ISEV is pleased to announce our 2017 Plenary Speakers!
Dr. Philip Stahl
Edward Mallinckrodt Jr. Professor emeritus
Cell Biology and Physiology
Washington University School of Medicine
St. Louis, MO
Dr. Stahl’s research spans nearly 5 decades at Washington University in St. Louis. Initially focused on lysosomal enzymes and lysosome biogenesis, the Stahl Laboratory and its many students have made a number of seminal contributions to our understanding of endocytosis, membrane trafficking and cell signaling. These include (i) the discovery of a sugar-specific lysosomal enzyme clearance pathway (in vivo) and the isolation and molecular cloning of the mannose receptor, the first member of a new family of sugar-specific pattern recognition receptors now considered components of the innate immune system; (ii) key advances in our understanding of Rab5 and Arf6, GTPases that orchestrate and regulate endosome fusion, endocytosis and receptor recyclingand especially growth factor receptor signaling and trafficking (iii) the cell biology of TBC1D3, a unique hominoid-specific gene that is highly multi-copied in thehuman genome. TBC1D3 regulates growth factor receptor ubiquitination thereby altering receptor trafficking and signaling. The influence of hominoid- and humanspecific genes on the human condition represents an unexplored frontier in cell biology. Lastly, (iv) the discovery of the “exosome secretion pathway” and the demonstration that multivesicular bodies release intraluminal vesicles to the extracellular compartment by fusing directly with the plasma membrane.
Dr. Thomas Thum
Faculty of Medicine, National Heart & Lung Institute
Professor of Cardiology
Imperial College, London, United Kingdom
Thomas Thum is Professor and Director of the Institute of Molecular and Translational Therapeutic Strategies at Hannover Medical School in Germany. Recently, he joined Imperial College as Visiting Professor to strengthen collaborative research activities.
Professor Thum studied Medicine at the Hannover Medical School and received a PhD from the Imperial College London and as a clinician is specialized in Internal Medicine and Cardiology. His major translational interests are to uncover the roles of regulatory RNA molecules, such as microRNAs and long-non-coding RNAs in cardiovascular and transplantation medicine. He is particularly interested into heart failure and performed landmark studies to show the therapeutic and diagnostic potential of microRNAs and respective antagonists. Prof. Thum published over 150 papers in leading scientific journals such as Nature, Nature Genetics, Nature Communication, Lancet, JACC and Circulation. He is member of the Editorial Board of many journals such as Circulation Research, ATVB or the Journal of Molecular and Cellular Cardiology. Prof. Thum is active member of many task forces and nuclei of cardiovascular societies including those of the European Society of Cardiology and the International Society of Heart Research. Prof. Thum is recipient of many national and international awards, e.g. the Outstanding Achievement Award from the European Society of Cardiology. He is coordinator and co-coordinator of several international consortia, e.g. for an intercontinental grant obtained from the Fondation Leducq or the European Union.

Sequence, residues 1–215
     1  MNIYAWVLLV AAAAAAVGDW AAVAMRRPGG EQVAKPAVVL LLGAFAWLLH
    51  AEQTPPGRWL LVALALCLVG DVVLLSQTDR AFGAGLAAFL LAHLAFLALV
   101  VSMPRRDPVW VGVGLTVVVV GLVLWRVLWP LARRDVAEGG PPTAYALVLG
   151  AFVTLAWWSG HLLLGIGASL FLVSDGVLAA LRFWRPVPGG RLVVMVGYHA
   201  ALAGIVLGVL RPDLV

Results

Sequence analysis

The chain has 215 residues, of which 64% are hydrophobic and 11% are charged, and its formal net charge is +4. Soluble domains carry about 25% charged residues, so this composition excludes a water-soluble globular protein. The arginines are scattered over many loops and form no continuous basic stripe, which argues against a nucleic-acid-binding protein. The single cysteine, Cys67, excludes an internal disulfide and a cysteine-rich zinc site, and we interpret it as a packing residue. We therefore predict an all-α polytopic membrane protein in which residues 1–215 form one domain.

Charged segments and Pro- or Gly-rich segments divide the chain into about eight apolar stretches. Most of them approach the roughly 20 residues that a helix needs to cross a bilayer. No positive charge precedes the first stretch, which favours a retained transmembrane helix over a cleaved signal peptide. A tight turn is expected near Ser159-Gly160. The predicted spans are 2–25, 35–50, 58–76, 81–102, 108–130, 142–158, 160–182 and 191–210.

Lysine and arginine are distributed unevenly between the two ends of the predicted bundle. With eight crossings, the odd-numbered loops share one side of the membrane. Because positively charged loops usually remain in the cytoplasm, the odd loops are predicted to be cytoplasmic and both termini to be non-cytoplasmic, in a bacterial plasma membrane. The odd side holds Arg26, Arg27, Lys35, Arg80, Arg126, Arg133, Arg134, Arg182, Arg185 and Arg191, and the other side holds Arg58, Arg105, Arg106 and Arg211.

Dr. Jeff Wrana
The Lunenfeld-Tanenbaum Research Institute
Mount Sinai Hospital
Dr. Wrana’s research aims to expose the mechanisms involved in the development of these networks and to reveal new targets for treatments that would attack the entire disease network, not just individual hubs. Dr. Wrana's research program involves the application of high-throughput, robotics-based technologies that perform thousands of tests at a time and enable studies of gene function on a genome-wide scale. With his special expertise and phenomenal success securing support from granting agencies, he has established a Robotics Facility at the Lunenfeld-Tanenbaum Research Institute. The expertise and advanced technology available in the facility extends the research capacity of scientists throughout the Lunenfeld and beyond. Dr. Wrana has made significant discoveries in breast, colorectal and other cancers. In particular, he is interested in mechanisms of metastasis. Insights into this little-understood process have the potential to make a significant impact on survival rates for breast and other cancers.
Dr. Clotilde Théry